Friday, March 31, 2006

I want the hair cut short, but I don’t want it to spike!

This is a post from one of my earlier blogs. Till this day I hate getting a haircut and I try to avoid it as far as possible!

I want the hair cut short, but I don’t want it to spike!
May 21, 2005

So everybody procrastinates. Its human nature right? There is something inherent in the human psyche that makes them avoid doing something they hate for as long as they can. I believe that everybody has at least one thing that they always procrastinate. And with me, that thing is going for a haircut.

Right now I am looking like a Gujju film hero, who has thick side locks. I am a couple of days away from looking like Bobby Deol in Barsaat. It used to take me about 30 seconds to comb my hair every morning. Now it takes just about 30 seconds less than the time my wife takes to comb her hair. Every morning I get the “go-get-a-haircut” look from my boss. But still I don’t go. Why? Because I hate going for a haircut.

Back home in India, a haircut meant short trip to the local hair cutting salon. I enter the place, the barbers see me and then I sit around, waiting for my turn, reading old editions of FilmFare or CineBlitz. Within 10 minutes, my favorite barber after finishing whatever he was doing came and seated me on his chair, I asked him his haal-chal and he starts snipping. If you were one of those people who are really fastidious about their hair, you gave a brief 30 second explanation to the barber about how you wanted it to be. In any case 15 minutes later you are done. And every single time it was exactly the way I wanted it to be. It’s that simple. Outline of haircut in India:

* Walk into salon
* Read old filmy magazines for few minutes.
* Have a 10 minute haircut.
* Leave with cool haircut.

But now, when I walk into a hair salon here, I have this silly sign-up sheet greeting me. Why the hell do I have to sign-up for a haircut? Other than the one woman who was already waiting when I entered, I am the only person there. Is it so difficult to remember “American woman first, Indian good-looking man second”? Then as I uncomfortably wait (I hate unisex salons) for my turn, I wonder “why the hell do they have a place with 20 barber’s chair (the one in which you sit on) when at any time there are only 3 barbers”.
When my turn finally comes I explain
Me: “I want the hair cut short, but I don’t want it to spike. And please use scissors.”
Barber: “Ok. So a short spike?”
Me: “No Short hair but noooo (with head going from side to side) spike. I don’t want the hair to stand.”
(I cannot remember the number of times this has happened. Earlier I used to use the number system. But you know how bad they are with numbers. So I abandoned that strategy very quickly.)

Then the barber (invariably a women) picks up the hair trimmer and is about to start, when I say,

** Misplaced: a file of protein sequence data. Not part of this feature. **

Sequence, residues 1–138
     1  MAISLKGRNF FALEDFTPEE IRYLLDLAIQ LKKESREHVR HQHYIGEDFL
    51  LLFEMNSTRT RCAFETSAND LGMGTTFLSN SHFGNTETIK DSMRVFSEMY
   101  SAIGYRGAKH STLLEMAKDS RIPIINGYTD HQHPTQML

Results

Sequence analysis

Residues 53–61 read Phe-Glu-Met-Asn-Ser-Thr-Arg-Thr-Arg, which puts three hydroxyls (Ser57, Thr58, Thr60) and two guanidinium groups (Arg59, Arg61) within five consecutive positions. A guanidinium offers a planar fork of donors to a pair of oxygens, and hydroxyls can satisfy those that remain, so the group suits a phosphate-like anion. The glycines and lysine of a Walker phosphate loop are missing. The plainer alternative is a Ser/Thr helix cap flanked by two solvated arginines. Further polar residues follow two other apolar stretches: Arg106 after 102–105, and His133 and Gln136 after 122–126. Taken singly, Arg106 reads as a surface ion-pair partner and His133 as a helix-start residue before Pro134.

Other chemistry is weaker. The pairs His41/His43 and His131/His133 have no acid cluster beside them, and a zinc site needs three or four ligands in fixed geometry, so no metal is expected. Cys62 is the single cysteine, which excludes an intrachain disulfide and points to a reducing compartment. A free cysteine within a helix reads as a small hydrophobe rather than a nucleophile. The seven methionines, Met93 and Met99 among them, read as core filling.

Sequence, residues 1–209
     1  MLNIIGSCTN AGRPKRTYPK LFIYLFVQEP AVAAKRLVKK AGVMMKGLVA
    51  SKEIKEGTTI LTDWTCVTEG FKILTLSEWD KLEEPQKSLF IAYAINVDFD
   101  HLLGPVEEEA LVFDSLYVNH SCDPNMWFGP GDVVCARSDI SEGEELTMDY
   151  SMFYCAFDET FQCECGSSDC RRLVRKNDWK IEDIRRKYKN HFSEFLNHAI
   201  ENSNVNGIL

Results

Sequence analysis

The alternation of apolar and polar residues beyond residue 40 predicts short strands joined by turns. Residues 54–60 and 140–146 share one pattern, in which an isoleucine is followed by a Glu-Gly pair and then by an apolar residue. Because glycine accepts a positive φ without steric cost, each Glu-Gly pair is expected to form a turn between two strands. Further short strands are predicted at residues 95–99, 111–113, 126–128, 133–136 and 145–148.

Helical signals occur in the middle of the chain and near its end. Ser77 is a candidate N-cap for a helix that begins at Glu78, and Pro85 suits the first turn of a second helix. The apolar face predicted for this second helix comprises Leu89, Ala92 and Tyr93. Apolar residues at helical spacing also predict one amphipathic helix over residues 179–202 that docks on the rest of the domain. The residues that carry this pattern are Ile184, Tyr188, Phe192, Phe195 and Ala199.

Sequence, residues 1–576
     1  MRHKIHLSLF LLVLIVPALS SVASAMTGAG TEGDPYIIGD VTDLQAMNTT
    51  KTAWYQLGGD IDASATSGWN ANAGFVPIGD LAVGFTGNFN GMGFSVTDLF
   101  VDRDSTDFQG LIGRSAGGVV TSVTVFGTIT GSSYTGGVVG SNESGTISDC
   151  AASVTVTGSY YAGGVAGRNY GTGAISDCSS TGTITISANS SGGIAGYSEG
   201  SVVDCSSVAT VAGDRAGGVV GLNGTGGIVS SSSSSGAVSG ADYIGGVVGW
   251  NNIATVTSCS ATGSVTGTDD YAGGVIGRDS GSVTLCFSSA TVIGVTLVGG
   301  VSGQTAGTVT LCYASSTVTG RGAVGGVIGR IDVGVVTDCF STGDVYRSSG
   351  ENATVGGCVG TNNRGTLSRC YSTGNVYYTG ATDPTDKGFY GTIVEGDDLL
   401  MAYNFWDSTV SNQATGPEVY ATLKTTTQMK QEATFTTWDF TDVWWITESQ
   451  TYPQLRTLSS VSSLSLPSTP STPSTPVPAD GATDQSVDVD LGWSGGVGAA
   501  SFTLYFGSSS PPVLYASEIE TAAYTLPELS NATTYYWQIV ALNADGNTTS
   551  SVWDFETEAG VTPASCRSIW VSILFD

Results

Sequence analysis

Me: “I want you to use scissors”
Barber: “Oh.. sorry I though you said don’t use scissors”
(You see after my first couple of haircuts in the US, I learnt that a hair trimmer is a weapon of mass destruction with which a barber can ruin your hair before you can even realize what that whirring sound near your ears is.)
As the scissors start snipping, she says,
B: “The weather’s so wonderful today, and it’s so pleasant outside”.
Why, why the weather. I fail to understand this incessant need the people of this country have about discussing the weather. And it always starts with the weather and ends up with a discussion about arranged marriage. So I’ve learnt not to encourage this conversation further. So all I say is, “Yeah”

Then after 20 minutes of intense hair cutting in which the barber uses scissors of many different shapes and sizes, she announces that she is done. The haircut is a disaster. At some places the hair is spiking up. And at some places the hair is too long. Basically I will be the subject of a lot of jokes and comments over the next few days. Earlier I used to panic but I am used to it by now. All I do is remind her that she’s yet to trim my side burns. Invariably no-one ever knows how to trim side locks using scissors and so out come the hair trimmers. What I write about next also happens without fails, always. First she’ll trim my left burn. Then the right one. Then she’ll check to see whether they are level. They are never at the same level. So the next 10 minutes are spent trying to level two side burns. Interesting that 9000 miles away, the same activity barely takes 60 seconds. But after the side burn fiasco, my happiness level is at a new high. I’m done with a haircut. I don’t even have to think about another one for the next 40 days or so. I pay the same amount of money with which I could buy one week’s groceries, then pay some more as tip and leave.

So here’s the outline of a haircut in the US:
* Sign up for a hair-cut
* Nothing to read while waiting.
* Explain and re-explain to the barber about the type of haircut I want.
* Explain it once again.
* Discuss for the nth time today, the weather.
* Excruciatingly slow 20 minute haircut.
* Even slower side burn trimming
* End result: Disastrous expensive hair cut.

2 comments:

kunal bhatia said...

lol... lovely post. never thought comparing the indian and the us process would make such a funny read

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